The Fed plays a central role in the nation's payment systems. Reserve Banks keep enough currency and coin in circulation to meet public demand, provide check collection services to banks and other depository institutions, operate electronic payment systems, and provide financial services to the U.S. government and certain foreign institutions.
The Fed is responsible for distributing currency and coin to depository institutions.
The Fed is responsible for distributing currency and coin to depository institutions, and for ensuring that enough currency and coin are in circulation to meet public demand. Federal Reserve notes are printed by the U.S. Bureau of Engraving and Printing in Washington, D.C., and Fort Worth, Texas. Coin is produced at U.S. Mints in Philadelphia and Denver. New currency and coin are shipped to Reserve Banks and branches across the country. When people need additional cash, such as during the holidays or at times of natural disaster or crisis, a depository institution may order more currency and coin from its Reserve Bank or branch. Institutions pay for these orders by drawing down their Federal Reserve account balances.
Depository institutions may return excess cash to their local Reserve Bank for credit to their reserve accounts. Reserve Banks sort and verify the deposits. They store coin and reusable paper notes in their vaults. Soiled and worn-out notes are destroyed. Counterfeit notes are sent to the Secret Service. Bags of coin are weighed to verify amounts. Reserve Banks do not check coins for wear and tear.
The number of checks has been declining since the mid-1990s as the use of electronic payments options has grown.
Reserve Banks also provide check collection services to depository institutions. The Fed processes approximately one-third of the paper items that ultimately clear as checks in the United States. Commercial banks also may clear checks directly with each other through clearinghouse associations or through agreements with other banks. Nationwide, the number of checks written has been declining since the mid-1990s as the use of electronic payments has grown. In addition, the Check Clearing for the 21st Century Act, or "Check 21," enacted in 2004, allows an electronic image of a check to be used for clearing. Today, almost 99% of checks are processed as images. Since late 2003, Reserve Banks have reduced the number of locations where paper checks are processed from 45 offices to a single site in Cleveland. Electronic check processing for the Reserve Banks is carried out in the Atlanta office.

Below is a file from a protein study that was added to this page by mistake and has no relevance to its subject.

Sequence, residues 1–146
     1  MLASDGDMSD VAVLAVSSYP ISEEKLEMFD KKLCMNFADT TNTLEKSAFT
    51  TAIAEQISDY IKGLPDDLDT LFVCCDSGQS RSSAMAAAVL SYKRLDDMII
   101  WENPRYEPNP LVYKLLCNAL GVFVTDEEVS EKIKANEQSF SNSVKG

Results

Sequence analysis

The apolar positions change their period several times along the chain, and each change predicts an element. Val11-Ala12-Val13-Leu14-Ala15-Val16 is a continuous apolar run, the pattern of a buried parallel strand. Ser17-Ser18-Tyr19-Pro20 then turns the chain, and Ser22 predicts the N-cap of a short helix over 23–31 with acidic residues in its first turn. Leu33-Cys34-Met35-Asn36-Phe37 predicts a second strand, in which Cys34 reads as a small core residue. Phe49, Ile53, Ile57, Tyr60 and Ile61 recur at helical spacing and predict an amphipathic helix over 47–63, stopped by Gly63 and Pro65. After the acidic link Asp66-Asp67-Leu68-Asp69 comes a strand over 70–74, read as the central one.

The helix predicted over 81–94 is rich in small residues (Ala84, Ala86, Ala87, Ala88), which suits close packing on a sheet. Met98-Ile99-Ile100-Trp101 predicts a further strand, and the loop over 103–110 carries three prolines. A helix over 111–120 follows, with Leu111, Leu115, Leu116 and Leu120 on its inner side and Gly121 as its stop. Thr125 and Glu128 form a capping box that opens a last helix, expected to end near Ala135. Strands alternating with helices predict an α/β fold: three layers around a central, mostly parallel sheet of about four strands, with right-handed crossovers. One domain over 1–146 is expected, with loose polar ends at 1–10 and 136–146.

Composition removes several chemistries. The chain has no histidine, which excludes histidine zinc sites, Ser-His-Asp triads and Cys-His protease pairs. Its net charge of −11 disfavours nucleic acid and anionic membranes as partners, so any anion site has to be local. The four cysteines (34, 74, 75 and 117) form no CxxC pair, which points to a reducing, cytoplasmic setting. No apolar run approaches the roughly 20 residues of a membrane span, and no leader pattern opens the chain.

The Fed processes approximately three-fourths of the automated clearinghouse payments in the country.
While the Fed's volume of check processing has been declining, its volume of electronic payments has been rising. The Fed’s Automated Clearinghouse (ACH) payment system provides an electronic means to exchange debit and credit entries between depository institutions to settle customer transactions. The Fed processes approximately three-fourths of the nation’s ACH payments. Electronic Payments Network, a private organization, is the nation’s other ACH operator. Common ACH credit transfers include direct deposits of payroll, Social Security benefits, and tax refunds. ACH debit transfers commonly include recurring payments for mortgages, insurance premiums, utility bills, and the like. Converted paper check payments and one-time payments made over the Internet or by telephone are other examples.
For larger transactions, debits and credits are transferred electronically through Fedwire, a highly sophisticated, computerized communication system that transfers funds almost instantly from one depository institution to another anywhere in the United States. Fedwire, which is operated by the Reserve Banks, includes the Fedwire Funds Service and Fedwire Securities Service. The Funds Service allows depository institutions and certain other financial institutions to make large payments to each other in real time. The Fedwire Securities Service is a transaction settlement system that enables depository institutions and certain other government and financial institutions to hold, maintain, and transfer securities. These include securities issued by the U.S. Treasury, other federal agencies, government-sponsored enterprises, and certain international organizations, such as the World Bank.
Federal Reserve Banks process a wide range of electronic payments for the government, such as Social Security and payroll checks.
The Fed also acts as the U.S. government’s banker. Reserve Banks maintain the Treasury Department's checking account and clear U.S. Treasury checks. They also process a wide range of electronic payments for the government, including Social Security and payroll checks. Reserve Banks also support the issuance, transfer, and redemption of U.S. Treasury securities, manage Treasury securities auctions, and process U.S. savings bonds. Reserve Banks handle a variety of other operations for government units, including processing food coupons and postal money orders.